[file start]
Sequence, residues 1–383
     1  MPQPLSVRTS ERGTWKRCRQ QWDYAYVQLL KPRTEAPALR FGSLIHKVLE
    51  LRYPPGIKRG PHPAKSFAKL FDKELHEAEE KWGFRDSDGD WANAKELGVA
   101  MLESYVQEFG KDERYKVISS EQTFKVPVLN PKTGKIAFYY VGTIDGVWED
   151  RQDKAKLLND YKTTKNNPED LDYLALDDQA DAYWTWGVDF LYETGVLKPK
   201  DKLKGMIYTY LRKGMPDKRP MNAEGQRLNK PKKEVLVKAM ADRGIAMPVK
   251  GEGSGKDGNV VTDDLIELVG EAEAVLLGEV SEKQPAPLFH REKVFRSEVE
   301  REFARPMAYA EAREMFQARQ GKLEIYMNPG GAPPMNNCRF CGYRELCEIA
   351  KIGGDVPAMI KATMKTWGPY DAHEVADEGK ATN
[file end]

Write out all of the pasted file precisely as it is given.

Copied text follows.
Sequence, residues 1–383
     1  MPQPLSVRTS ERGTWKRCRQ QWDYAYVQLL KPRTEAPALR FGSLIHKVLE
    51  LRYPPGIKRG PHPAKSFAKL FDKELHEAEE KWGFRDSDGD WANAKELGVA
   101  MLESYVQEFG KDERYKVISS EQTFKVPVLN PKTGKIAFYY VGTIDGVWED
   151  RQDKAKLLND YKTTKNNPED LDYLALDDQA DAYWTWGVDF LYETGVLKPK
   201  DKLKGMIYTY LRKGMPDKRP MNAEGQRLNK PKKEVLVKAM ADRGIAMPVK
   251  GEGSGKDGNV VTDDLIELVG EAEAVLLGEV SEKQPAPLFH REKVFRSEVE
   301  REFARPMAYA EAREMFQARQ GKLEIYMNPG GAPPMNNCRF CGYRELCEIA
   351  KIGGDVPAMI KATMKTWGPY DAHEVADEGK ATN